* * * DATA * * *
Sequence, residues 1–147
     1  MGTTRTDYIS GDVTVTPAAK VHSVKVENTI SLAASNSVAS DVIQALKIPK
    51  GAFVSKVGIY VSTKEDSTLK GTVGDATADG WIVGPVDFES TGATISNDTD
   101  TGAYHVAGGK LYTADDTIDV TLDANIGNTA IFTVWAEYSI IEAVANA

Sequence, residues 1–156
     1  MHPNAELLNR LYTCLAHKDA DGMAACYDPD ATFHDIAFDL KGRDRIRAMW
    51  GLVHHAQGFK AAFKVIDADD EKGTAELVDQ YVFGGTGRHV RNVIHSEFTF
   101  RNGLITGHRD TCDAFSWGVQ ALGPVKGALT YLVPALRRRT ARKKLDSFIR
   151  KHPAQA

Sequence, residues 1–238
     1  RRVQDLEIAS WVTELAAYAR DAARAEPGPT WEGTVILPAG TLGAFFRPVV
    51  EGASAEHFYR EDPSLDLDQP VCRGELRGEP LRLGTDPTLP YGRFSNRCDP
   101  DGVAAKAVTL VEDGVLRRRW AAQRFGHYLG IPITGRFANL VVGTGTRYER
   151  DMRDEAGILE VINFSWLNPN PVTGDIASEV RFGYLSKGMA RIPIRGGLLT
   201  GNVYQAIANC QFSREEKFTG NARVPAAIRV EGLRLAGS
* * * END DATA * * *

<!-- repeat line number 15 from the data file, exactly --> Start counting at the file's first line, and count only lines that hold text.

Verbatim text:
   201  GNVYQAIANC QFSREEKFTG NARVPAAIRV EGLRLAGS